Everything we eat has a direct impact on our health at all levels, from physical or psychological state to cognitive performance.
But our diet can also influence something seemingly more trivial – like the shine of our skin or hair.
This is not a futile concern. The abnormal loss of our hair can be one of the first signs that something is not going well in our body. We cannot ignore this symptom.
Hair loss can be triggered by several reasons, such as chronic stress, genetic predisposition, hormonal changes or certain pharmacological treatments.
We will now focus on nutritional factors that can compromise the well-being of our hair and that can be controlled in a relatively simple way.
We know that certain nutrients are essential for hair health, such as those rich in proteins, B vitamins, trace elements or certain minerals, such as iron and zinc.
In fact, eating disorders, such as anorexia or bulimia, cause considerable calorie and vitamin restriction and are strongly associated with hair loss.
What perhaps not everyone knows are the specific components of the diet that can cause hair loss and impoverishment.
Foods high in sugar or saturated fats, for example, are not only associated with the development of cardiovascular diseases, but also “stress” and inflame our cells. This state makes our body more susceptible to the development of a wide variety of pathologies – among them, hair loss.
Therefore, many of the remedies on the market to prevent hair loss focus on the anti-inflammatory effects of some compounds.
Following this reasoning, prioritizing foods with these properties, such as extra virgin olive oil and fish rich in oil, and avoiding the consumption of foods that promote inflammatory states are actions that would help maintain the vigor of your hair.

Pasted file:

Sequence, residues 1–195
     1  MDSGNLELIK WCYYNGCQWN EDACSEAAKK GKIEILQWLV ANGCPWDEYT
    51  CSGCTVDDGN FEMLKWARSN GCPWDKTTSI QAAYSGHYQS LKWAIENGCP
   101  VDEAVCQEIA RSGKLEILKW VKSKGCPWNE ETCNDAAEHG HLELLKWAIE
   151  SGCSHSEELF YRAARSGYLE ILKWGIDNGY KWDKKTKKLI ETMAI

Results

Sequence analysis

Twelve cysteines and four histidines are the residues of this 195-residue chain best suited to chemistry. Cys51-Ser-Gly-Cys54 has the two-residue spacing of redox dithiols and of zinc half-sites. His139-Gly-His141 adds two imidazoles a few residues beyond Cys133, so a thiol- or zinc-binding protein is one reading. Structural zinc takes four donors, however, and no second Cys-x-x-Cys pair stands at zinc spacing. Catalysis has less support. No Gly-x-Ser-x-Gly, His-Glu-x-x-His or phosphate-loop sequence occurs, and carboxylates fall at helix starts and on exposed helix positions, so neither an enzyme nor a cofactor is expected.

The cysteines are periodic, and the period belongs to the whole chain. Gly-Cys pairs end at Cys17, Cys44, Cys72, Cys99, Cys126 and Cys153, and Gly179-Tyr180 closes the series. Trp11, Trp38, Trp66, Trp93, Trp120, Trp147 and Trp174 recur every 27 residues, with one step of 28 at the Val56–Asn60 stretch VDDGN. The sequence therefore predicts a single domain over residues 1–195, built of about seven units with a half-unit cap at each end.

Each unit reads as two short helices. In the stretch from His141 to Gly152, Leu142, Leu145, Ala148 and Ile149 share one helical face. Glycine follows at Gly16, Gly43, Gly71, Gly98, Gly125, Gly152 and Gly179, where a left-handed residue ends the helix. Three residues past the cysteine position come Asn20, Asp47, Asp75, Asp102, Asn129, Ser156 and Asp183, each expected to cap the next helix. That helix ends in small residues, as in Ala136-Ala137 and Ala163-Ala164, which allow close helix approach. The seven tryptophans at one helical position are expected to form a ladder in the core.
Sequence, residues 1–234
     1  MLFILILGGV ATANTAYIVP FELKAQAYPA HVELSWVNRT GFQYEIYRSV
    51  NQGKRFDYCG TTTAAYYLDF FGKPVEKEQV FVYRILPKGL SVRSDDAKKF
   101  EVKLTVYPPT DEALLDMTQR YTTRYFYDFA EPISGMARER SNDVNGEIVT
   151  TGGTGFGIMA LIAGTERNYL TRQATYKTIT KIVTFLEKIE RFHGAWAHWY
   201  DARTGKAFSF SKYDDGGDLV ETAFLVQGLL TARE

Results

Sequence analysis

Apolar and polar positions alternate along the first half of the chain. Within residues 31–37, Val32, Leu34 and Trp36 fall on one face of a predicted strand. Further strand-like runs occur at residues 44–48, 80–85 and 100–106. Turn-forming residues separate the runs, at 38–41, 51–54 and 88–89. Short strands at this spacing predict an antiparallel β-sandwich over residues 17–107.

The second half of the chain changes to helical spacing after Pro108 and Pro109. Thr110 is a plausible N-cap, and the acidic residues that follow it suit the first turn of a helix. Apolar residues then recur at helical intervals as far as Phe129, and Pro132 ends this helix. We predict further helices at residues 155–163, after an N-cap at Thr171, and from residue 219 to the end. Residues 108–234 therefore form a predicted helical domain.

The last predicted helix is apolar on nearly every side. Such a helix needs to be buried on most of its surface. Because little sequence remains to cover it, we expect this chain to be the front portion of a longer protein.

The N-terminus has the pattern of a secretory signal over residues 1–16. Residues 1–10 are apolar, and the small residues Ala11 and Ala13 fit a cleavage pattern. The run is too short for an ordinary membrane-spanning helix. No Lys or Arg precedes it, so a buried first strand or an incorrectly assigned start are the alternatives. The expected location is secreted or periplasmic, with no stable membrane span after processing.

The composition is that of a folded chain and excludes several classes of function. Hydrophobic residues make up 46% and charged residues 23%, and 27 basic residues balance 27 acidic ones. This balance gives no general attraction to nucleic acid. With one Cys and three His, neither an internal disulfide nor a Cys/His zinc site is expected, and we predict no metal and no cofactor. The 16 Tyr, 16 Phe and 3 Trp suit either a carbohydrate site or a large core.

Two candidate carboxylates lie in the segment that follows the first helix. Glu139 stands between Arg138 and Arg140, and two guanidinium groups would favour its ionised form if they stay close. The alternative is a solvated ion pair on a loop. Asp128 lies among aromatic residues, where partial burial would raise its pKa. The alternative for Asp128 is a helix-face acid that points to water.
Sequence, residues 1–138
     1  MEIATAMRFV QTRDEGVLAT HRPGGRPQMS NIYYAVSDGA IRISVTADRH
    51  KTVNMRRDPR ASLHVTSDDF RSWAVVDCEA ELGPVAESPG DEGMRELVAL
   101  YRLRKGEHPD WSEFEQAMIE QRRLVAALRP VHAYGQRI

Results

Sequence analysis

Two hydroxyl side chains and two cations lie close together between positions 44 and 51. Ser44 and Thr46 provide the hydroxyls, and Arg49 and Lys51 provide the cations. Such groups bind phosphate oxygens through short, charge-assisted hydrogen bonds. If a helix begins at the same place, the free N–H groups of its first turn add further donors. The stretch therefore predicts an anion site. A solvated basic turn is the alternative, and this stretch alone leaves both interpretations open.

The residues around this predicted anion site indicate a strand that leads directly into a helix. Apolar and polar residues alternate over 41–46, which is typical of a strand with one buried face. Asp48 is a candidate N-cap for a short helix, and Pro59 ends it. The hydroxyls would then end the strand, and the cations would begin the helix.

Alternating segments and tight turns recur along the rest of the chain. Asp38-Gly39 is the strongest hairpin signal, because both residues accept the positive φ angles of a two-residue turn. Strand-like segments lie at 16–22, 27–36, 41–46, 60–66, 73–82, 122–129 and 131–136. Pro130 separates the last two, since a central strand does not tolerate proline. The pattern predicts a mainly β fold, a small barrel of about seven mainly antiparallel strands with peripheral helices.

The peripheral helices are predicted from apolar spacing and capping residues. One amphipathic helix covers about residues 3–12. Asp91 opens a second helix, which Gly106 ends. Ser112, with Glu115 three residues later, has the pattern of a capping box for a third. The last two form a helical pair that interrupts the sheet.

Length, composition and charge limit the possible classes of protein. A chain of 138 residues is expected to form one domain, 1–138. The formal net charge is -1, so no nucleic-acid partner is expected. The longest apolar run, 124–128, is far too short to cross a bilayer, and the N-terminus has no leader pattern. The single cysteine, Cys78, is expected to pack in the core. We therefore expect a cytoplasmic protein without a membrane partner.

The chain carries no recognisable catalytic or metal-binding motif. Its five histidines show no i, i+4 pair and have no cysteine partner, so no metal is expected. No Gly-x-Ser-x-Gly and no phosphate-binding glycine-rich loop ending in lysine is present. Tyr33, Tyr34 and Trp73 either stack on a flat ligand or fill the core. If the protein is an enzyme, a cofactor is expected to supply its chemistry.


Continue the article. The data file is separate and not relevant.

Several studies confirm this statement. And some of them demonstrate, for example, that the Mediterranean diet – the prototype of a menu rich in foods with anti-inflammatory properties – can have a protective effect on hair health.
Stress, another great enemy
Stressful situations that arise in our daily lives increase levels of the hormone cortisol as a defense mechanism.
What if this “emergency” situation persists for a long time? Well, that’s where the problems start.
Produced by the adrenal gland, cortisol is directly related to hair loss. And, obviously, reducing the factors that trigger stress is the first measure that comes to mind to maintain this organic compound at its normal values.
Can we help regulate stress with eating? Of course.
Certain foods such as avocado, oily fish and certain types of seeds, rich in omega-3 fatty acids and various vitamins and minerals, can slow down the production of cortisol.
The microbiota factor
Finally, it has been proven that fermented foods have protective effects against hair loss. They regulate intestinal bacteria and their inflammatory properties.
This is where the intestinal microbiota comes into play – the set of microorganisms that inhabit our digestive system.
This microscopic ecosystem is directly associated with health and disease, through its interaction with the nutrients we ingest. So much so that our microbiota will be different depending on our diet.
Nutrients are metabolized or absorbed differently depending on our bacterial population. Therefore, they will generate different chemical and metabolic signals.
This can alter physiological functions, such as the reaction to stress, which is important for hair health, as we saw above.
The richer and more varied our diet, the better the community of bacteria we have in our intestines.
We can give bacteria a helping hand by consuming probiotics, such as yogurt, kefir and other fermented foods. They are associated with better mental and digestive health and our hair will thank you too.
Pilar Argente Arizón is a professor and researcher at the Faculty of Health Sciences at San Jorge University, in Spain.
*This article was originally published on the academic news website The Conversation and republished under a Creative Commons license. Read the original Spanish version here.